I'm not interested in listing out the millions of places in Taipei where you can get a brain-smack of caffeine - I'm talking about genuinely good coffee that one can savor, that wafts down the street with its strong scent and turns heads when you carry it away in a to-go cup. Yes, you can find it in Taipei.

Get your cup of awesome beans (the kind that hipsters and yuppies would say have a "great flavor profile") at:

Xinsheng S. Road Section 3 Lane 76 #1 (the entrance is on Xinsheng Road, not the lane)
I've praised this place to the moon and back, as you can read in the link above.

2.) The Best Roasted Coffee (TBRC)
Taipei, Shilin District - Jingshan Road #18: near the Wenhua University bus stop heading up Yangmingshan, and not far from the top of Tianmu Old Trail
This place is fantastic - you can buy a pound of coffee for NT500, and their home blend (a medium-to-dark roast) is only NT100 per cup, which is a steal. It's really tasty and goes down smoothly, so you don't need to drink it with milk (which is good, because the owner really will lecture you if you ask for milk or sugar). You can also buy cheesecake, cookies and other light fare here - the cheesecake is tangy and homemade without being too sweet.

Jinhua Street #247 - closest bus stop on a major route is Xinsheng/Jinhua along Da'an Park, also walkable from Yongkang Street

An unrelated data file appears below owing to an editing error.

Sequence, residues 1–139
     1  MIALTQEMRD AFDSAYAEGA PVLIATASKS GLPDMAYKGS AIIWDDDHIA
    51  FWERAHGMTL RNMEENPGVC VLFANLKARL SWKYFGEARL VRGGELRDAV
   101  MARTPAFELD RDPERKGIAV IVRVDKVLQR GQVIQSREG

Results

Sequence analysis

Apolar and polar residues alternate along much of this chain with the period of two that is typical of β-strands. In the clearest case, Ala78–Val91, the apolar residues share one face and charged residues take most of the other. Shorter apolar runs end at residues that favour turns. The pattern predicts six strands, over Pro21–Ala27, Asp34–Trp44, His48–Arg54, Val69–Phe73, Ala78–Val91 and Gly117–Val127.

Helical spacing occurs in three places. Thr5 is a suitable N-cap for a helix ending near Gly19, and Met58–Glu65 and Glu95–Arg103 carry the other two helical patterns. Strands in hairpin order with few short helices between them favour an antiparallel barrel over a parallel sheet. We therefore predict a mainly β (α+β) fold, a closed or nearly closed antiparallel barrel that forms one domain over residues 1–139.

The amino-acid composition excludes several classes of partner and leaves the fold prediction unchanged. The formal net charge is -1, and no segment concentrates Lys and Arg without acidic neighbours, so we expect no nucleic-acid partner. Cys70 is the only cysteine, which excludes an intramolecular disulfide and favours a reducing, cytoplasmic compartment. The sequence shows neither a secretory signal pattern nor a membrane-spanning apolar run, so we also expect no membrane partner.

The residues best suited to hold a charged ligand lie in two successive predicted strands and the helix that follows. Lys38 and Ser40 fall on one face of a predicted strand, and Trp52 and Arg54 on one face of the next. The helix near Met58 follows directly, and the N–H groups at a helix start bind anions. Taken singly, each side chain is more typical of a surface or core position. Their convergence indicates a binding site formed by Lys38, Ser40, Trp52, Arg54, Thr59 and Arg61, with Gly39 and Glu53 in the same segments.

This place offers coffee that packs a flavorful punch - they take it very seriously, allowing you to smell the grounds several times to highlight different smells and potential flavors, and then serve it to you both in a standard coffee cup, which brings out darker, earthier flavors as well as in a small stemmed cordial glass, which brings out more syrupy, flowery liqueur-like flavors in the coffee. Not cheap, but totally worth it.

They also have branches in Taizhong and Tainan.

Guangzhou and Huanhe Rd. intersection near Longshan Temple
Try the "Ma Gao" coffee (馬告) at the booth selling Taiwanese local coffee here for NT90: the cup is small but it packs a strong punch of flavor, and best of all it's grown in Taiwan an (according to the vendor) is grown on aborigine-run farms, so you're doing good for the local economy and you get to try a Taiwanese local product not often found in stores.

#405 Sec. 1 Neihu Road Taipei (02)2799-4966
#123 Songde Road Taipei (02)2726-6085
#336 Jinhu Road Taipei (02) 2634-8803
#7 Lane 243 Jinhua Street Taipei (02) 2322-3830
B1 #14 Nanjing West Road Taipei (02) 2522-1681
This place is my new favorite find that you absolutely have to try. They're your best source of Kopi Luwak, if you've ever wanted to try it, and they'll brew it to perfection for you (I haven't tried it yet, but I will). I had a cup of coffee from Nicaraguan beans (can't remember which type) at their Songde Road location and I was blown away by the depth and spirit of the earthy, slightly smoky, addictive flavor. They siphon brew their good beans (lattes and other coffee types are also available) and there's a large choice of global beans, with a lot coming from Central America.

They also keep Jameson on hand, at least at Songde Road, which means they know how to make good coffee with whiskey.

Call ahead if you want a cup of Kopi Luwak - they'll make sure they have the most, ahem, fragrant beans for you to try.

Seriously - I love my Drop Coffee but this place is really just amazing, too. It's probably going to tie for 1st place in my list of favorite coffee shops, along with Drop.

6.) Black Bean Coffee